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Topics: Medical Suction

How to Suction a Patient that is in Cardiac Arrest

Posted by Sam D. Say

Jun 25, 2019 8:00:00 AM

Cardiac arrest is a nightmare scenario for most first responders. Recent research suggests survival rates are as low as 6 percent when cardiac arrest occurs outside the hospital. Rapid administration of CPR drives survival rates up to 45 percent, and the presence of a first responder elevates the survival rate even higher. But suctioning a patient in cardiac arrest can be challenging. Here’s what you need to know about the procedure.

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Topics: Medical Suction

3 Ways to Improve Your Suction Technique

Posted by Sam D. Say

Apr 18, 2019 8:00:00 AM

Emergency medicine is constantly evolving, and new technologies and techniques are emerging all the time. With this bombardment of innovation, we sometimes see less value placed on basic skills, such as oral suctioning. As an EMS provider, you must adapt to new technologies and techniques but always fall back on your most basic skills.

Improving your oral suction technique starts with a desire to improve your skills, no matter how basic. Let’s discuss how you can improve basic suctioning skills despite the ever-changing nature of the EMS world today.

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Topics: Medical Suction

4 Signs a Patient on a Mechanical Ventilator Requires Suctioning

Posted by Sam D. Say

Apr 11, 2019 8:00:00 AM

After a successful intubation, your patient is mechanically ventilated with a patent airway and his vital signs stabilize. While transporting your patient, you notice a sawtooth pattern to the ventilator waveform. The patient’s cough is not “junky” and his oxygen saturation remains stable. You may be thinking your patient needs some sedation to help him synchronize with the ventilator. But hold on—perhaps you are missing something.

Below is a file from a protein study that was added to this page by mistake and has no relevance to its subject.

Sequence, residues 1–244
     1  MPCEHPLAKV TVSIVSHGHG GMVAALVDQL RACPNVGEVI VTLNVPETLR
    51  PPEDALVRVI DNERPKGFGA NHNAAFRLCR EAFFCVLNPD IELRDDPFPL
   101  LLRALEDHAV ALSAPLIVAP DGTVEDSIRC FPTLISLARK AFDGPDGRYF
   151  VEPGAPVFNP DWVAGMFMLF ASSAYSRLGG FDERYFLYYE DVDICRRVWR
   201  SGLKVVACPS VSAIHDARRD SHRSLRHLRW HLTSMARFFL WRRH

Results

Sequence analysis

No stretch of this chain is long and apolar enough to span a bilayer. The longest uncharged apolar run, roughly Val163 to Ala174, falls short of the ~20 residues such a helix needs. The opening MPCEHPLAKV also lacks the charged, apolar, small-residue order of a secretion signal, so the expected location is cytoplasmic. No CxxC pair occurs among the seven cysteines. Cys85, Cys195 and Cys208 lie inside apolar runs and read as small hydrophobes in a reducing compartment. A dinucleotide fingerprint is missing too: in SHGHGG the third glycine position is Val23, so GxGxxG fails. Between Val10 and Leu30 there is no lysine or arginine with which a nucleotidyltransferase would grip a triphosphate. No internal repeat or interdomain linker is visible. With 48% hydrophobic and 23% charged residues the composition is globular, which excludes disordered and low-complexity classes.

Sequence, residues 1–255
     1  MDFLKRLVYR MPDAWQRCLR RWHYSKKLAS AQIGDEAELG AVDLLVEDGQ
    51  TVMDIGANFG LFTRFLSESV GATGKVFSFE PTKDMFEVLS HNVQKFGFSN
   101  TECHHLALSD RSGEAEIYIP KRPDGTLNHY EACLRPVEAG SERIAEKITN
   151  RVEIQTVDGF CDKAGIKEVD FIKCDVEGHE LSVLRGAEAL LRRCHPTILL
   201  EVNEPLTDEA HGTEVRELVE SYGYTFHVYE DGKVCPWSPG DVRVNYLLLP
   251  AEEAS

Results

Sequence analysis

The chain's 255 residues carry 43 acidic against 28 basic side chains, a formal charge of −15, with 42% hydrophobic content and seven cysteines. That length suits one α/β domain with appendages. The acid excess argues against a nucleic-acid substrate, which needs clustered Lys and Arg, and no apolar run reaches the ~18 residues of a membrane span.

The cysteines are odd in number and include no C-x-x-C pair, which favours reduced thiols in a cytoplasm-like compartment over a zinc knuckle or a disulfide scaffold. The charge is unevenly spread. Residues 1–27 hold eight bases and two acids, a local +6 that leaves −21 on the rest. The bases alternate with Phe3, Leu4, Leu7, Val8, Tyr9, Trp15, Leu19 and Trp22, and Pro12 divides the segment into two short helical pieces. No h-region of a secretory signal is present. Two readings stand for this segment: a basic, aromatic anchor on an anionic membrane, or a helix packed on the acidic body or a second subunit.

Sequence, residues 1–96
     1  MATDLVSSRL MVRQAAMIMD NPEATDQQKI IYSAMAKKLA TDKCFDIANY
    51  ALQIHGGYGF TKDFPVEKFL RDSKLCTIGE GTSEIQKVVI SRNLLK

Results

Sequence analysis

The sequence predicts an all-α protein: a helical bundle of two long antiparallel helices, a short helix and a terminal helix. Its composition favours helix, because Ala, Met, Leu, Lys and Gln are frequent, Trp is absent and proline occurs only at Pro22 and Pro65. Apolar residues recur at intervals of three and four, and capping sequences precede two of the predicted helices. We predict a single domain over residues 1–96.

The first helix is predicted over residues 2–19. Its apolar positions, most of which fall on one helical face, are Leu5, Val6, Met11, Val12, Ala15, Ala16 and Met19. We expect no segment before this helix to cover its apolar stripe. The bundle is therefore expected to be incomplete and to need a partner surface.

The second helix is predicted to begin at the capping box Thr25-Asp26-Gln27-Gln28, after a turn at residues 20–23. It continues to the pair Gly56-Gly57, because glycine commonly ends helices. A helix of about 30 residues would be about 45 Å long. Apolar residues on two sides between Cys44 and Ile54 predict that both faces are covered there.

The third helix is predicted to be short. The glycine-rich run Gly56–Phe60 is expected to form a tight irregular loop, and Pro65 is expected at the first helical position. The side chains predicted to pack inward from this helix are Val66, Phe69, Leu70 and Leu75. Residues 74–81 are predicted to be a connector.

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Topics: Medical Suction

Comparing the Needs of Prehospital versus Hospital Suction

Posted by Sam D. Say

Apr 4, 2019 8:00:00 AM

It makes sense that a relatively controlled environment, such as a hospital, has different suction requirements than unpredictable prehospital care environments. Portable suction units are generally thought of as tools to be used in the EMS setting alone and may not be given much thought in the hospital setting. This is an error that hospitals cannot afford to make. Beyond the needs of crash carts and emergency departments, suction units should be a key aspect of the hospital’s disaster plan. Here, we compare the needs of both prehospital and hospital suction units and how the right choice of suction unit can make an impact on both your efficiency and your patients’ outcomes.

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Topics: Medical Suction